"This configuration has the potential to maintain and even improve the high performance characteristics of ultracapacitors while providing energy storage densities comparable to batteries," Schindall said. "Nanotube-enhanced ultracapacitors would combine the long life and high power characteristics of a commercial ultracapacitor with the higher energy storage density normally available only from a chemical battery."

This work was presented at the 15th International Seminar on Double Layer Capacitors and Hybrid Energy Storage Devices in Deerfield Beach, Fla., in December 2005. The work has been funded in part by the MIT/Industry Consortium on Advanced Automotive Electrical/Electronic Components and Systems and in part by a grant from the Ford-MIT Alliance.

Resources:

  • Green Car Congress post on LEES ultracapacitors - Feb 2006

  • MIT: Carbon Nanotube Enhanced Ultracapacitors

  • MIT Laboratory for Electromagnetic and Electrical Systems



  • As I hinted at in the into, I think that carbon-based, high-energy density, long lasting ultracapacitors like MIT's LEES ultracap may be the endgame for battery energy storage, at least for electric and plug-in hybrid vehicles.

    Ultracaps have very high power densities, delivering great acceleration and performance, as well as taking full advantage of regenerative braking (NiMH and Li-ion batteries typically can't charge fast enough to accept all the energy potentially recoverable during regenerative braking). Additionally, ultracaps are very long-lasting (compared to batteries), can undergo several hundred cycles, last 10+ years, and have typically have no problems with cold-start conditions. Their general weakness is their lack of energy density, meaning they generally have to be coupled with a storage battery (or fuel cell) in any electric drive system.

    If MIT or someone else can develop an ultracap with the energy storage of a traditional Li-ion battery, that would be a major coup for the electric vehicle industry. And if the resulting ultracap was largely made of carbon - a material available in practically limitless supply - any potential materials supply limitation concerns (i.e. for lithium or platinum or other battery or fuel cell components) would be essentially a thing of the past.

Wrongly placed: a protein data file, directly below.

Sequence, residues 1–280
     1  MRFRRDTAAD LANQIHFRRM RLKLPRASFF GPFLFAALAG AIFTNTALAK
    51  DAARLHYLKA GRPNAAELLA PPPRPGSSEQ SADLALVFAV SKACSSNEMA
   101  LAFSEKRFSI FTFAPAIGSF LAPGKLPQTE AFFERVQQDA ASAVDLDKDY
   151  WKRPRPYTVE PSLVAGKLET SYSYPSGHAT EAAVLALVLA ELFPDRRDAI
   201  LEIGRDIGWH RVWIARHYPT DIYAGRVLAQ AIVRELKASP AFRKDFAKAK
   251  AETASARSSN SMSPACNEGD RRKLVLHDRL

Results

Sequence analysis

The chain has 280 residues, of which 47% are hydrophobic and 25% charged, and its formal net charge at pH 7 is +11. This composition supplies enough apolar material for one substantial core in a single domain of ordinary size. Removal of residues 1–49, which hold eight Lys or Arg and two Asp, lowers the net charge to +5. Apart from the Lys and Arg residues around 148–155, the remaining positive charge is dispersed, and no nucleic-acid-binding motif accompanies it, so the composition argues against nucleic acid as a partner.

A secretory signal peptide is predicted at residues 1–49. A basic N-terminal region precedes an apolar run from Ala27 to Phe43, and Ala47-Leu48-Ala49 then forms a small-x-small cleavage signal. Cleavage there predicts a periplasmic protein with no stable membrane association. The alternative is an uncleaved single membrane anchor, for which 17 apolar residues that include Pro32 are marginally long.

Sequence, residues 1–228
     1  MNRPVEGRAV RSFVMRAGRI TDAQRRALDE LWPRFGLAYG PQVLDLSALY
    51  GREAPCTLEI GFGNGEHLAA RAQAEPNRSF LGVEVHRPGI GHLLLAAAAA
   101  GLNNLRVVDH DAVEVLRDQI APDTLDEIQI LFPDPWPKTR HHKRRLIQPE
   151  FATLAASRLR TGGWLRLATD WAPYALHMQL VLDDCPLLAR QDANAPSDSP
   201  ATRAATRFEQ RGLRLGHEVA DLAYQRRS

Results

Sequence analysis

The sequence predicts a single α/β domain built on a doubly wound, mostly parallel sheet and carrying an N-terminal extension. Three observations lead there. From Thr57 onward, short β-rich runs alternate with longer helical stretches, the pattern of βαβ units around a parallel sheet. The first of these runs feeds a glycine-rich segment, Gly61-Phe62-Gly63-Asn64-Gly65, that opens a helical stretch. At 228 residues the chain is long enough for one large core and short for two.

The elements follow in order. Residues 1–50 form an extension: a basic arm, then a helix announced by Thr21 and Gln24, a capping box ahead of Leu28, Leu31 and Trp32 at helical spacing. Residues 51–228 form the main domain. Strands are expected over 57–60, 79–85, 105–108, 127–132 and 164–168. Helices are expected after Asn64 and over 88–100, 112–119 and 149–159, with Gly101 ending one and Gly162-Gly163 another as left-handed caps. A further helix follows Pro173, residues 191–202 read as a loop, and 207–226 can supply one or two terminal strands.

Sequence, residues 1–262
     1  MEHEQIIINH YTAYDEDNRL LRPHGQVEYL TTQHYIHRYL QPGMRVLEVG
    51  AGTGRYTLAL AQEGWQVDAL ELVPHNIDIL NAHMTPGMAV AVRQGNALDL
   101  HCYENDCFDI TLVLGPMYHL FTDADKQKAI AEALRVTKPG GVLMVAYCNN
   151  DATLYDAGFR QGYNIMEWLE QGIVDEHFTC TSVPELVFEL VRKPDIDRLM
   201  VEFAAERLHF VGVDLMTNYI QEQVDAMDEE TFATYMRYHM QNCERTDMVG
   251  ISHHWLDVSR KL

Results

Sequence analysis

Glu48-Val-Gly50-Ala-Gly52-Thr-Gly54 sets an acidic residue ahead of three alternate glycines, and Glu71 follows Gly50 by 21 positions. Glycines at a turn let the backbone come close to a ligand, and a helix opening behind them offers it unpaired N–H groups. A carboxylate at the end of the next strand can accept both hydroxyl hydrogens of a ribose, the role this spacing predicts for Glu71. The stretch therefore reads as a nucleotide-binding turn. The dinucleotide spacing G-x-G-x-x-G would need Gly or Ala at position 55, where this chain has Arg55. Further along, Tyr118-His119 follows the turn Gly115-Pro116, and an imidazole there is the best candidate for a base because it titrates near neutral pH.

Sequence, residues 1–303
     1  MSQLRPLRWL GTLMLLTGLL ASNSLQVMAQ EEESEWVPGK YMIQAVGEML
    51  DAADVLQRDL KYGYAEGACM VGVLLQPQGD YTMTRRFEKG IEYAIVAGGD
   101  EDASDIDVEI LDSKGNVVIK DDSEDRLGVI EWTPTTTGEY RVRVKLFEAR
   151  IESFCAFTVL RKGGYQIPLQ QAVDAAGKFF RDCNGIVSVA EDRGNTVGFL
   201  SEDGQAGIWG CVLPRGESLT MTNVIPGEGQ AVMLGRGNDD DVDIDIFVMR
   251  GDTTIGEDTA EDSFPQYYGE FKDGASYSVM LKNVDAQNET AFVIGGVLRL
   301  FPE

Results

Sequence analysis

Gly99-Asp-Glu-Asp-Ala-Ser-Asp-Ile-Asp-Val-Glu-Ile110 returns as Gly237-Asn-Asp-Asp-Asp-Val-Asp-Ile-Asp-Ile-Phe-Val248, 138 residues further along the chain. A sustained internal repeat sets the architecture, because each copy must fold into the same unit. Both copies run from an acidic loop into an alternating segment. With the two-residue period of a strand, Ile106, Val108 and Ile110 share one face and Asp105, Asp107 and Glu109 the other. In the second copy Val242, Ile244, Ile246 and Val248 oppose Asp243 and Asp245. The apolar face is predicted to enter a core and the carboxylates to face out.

Let's hope MIT's researchers can deliver this ultracap (and soon) to a commerical partner for deployment in EVs or PHEVs.


    [EDIT: Upon closer examination, it appears that this REA article is the same as the one that appeared back in February (and was picked up by Green Car Congress, the Energy Blog and numerous others). It appears that REA's RSS aggregator or whatever else they are using to find posts screwed up (this happens sometimes; yesterday, for example, REA picked up a post from August 9 2005, instead of 2006).

    So, the article isn't any new development, I guess. However, since I didn't post on it here at Watthead back in February (and I've already gotten this post written), I go ahead and post it anyway.
    ]

    2 comments:

    George said...

    Interesting, even if not breaking news. The nanotube technology sounds expensive though; EEStor claims that their Barium Titanate ultracap will be cheap as well as high performance. ("Claims" might be too strong of a term; it doesn't sound like they say anything officially.) If the EEStor tale pans out, life as we know it will be forever changed. And that would be OK as far as I'm concerned.

    Ryos said...

    Sadly, I've come to view the words "carbon nanotubes" as code for "this works really well in the lab, but it's never going to come out, ever." The tubular wonders seem to be a silver bullet for almost everything; they promise to revolutionize everything they touch. So why can't anyone make it work in the real world? Maybe we need fewer people working on potential applications of nanotubes, and more working on how to make them.